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Cowboys Gameplans: Scouting the Chicago Bears

As the Cowboys end their extended rest/preparation time for their Monday night match up with the Chicago Bears, lets look at a few things we should expect to see from Marc Trestman's team in the bitter Chicago cold on Monday night.

Gregory Shamus

The Chicago Bears are a 6-6 team that is playing with their backup quarterback who has played extremely well. They are also without several very important players on the defensive side of the ball that has turned what was a proud group under former defensive coordinator and current Dallas Cowboys defensive line coach (Thanks Bears!) Rod Marinelli into a porous unit. Let's look at somethings we should expect to see in the game.

Offense (Passing Game):


As you can see the angle of the film shot at soldier field is extremely low, which makes this process somewhat painful, so let's go to chalk board and see the scheme I want us to analyze.


In this case, the personnel is as follows.

12 Personnel (1 Back, 2 Tight Ends, 2 WRs)

X- Alshon Jeffery

Z- Brandon Marshall

Y- Martellus Bennett

R- Matt Forte

U- Dante Rosario

They are aligned in an Ace-Gun Slot formation, which moves the X receiver from his normal position on the left side to the slot on the right side. As has been said before in multiple places, one of the main objectives of Trestman's offense is to throw the ball on inside breaking routes, specifically targeting the areas between the numbers and the hashes. This particular look is designed to get Marshall open on his dig route against almost any coverage.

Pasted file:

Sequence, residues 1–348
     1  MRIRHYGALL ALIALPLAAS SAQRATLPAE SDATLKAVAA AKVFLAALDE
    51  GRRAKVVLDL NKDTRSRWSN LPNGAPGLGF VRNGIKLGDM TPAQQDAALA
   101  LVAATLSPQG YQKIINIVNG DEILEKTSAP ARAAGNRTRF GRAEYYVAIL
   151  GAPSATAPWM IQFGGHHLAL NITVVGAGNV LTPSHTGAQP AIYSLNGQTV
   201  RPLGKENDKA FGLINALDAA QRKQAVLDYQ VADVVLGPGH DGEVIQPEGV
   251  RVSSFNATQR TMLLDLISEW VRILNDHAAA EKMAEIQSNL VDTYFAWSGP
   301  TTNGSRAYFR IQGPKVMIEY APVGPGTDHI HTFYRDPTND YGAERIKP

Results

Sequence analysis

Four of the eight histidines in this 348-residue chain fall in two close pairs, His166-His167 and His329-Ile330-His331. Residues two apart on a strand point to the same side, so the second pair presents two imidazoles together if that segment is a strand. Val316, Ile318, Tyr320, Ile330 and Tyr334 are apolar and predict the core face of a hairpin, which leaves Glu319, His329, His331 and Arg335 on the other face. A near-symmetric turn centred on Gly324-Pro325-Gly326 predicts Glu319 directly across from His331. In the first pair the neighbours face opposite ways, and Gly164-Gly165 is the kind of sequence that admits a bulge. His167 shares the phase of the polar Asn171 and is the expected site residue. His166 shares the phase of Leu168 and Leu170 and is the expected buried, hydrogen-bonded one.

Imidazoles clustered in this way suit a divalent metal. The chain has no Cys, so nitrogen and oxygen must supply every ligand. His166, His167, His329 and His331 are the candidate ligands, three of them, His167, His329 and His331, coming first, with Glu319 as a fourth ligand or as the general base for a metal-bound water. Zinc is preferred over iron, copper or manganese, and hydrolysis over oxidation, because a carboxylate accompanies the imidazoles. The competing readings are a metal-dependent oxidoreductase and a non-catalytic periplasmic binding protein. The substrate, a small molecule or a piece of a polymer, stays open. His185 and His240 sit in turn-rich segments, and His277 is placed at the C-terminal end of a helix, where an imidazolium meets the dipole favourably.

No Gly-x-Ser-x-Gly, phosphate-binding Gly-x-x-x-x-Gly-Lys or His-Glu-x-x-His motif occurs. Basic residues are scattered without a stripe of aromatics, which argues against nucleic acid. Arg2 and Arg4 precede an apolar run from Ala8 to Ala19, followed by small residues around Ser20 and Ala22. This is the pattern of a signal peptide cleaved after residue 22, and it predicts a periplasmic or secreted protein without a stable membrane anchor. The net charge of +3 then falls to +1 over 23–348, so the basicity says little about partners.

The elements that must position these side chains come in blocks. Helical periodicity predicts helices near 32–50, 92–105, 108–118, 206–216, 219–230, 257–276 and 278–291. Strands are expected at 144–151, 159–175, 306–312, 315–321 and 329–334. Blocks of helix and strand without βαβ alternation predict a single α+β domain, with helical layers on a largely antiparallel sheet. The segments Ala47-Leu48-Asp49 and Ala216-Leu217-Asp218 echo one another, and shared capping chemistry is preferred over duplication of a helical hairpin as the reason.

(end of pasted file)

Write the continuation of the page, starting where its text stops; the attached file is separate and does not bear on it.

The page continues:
By crossing paths with Jeffery, Marshall has a rub that helps him get separation vs his man if the defense plays Man-Free (Cover 1), Blitz Man (Cover 0), or Man Under (2-Man), while the deep crosser by Bennett, pulls the Mike LB out of the middle in Cover 2, and Forte's out route from the back field forces the Hook-Curl defender in cover 2, or the Curl-Flat Defender in Cover 3 to widen his position leaving a clean throwing lane for Hanie to make a clean throw to Marshall near the hash.

Offense (Run Game):

The Bears run game is built around RB Matt Forte, who is one of the NFL's most under appreciated players by fans. He is truly a threat in all phases of the game and is a dynamic play maker, we will see all the base run plays we have talked about in other posts (Leads, Draws, Sweeps, Inside Zone, Outside Zone etc) from Forte in the Bears base run game, however, what I want to highlight here revolves around Trestman's creativity in play design and yet another way he gets the ball into the hands of his big time play-makers at the WR position. In fact, Alshon Jeffery, who gets the carry here, has 14 Carries with an average of 8.2 YPC for a total of 115 Yards, so he has averaged just over 1 carry per game.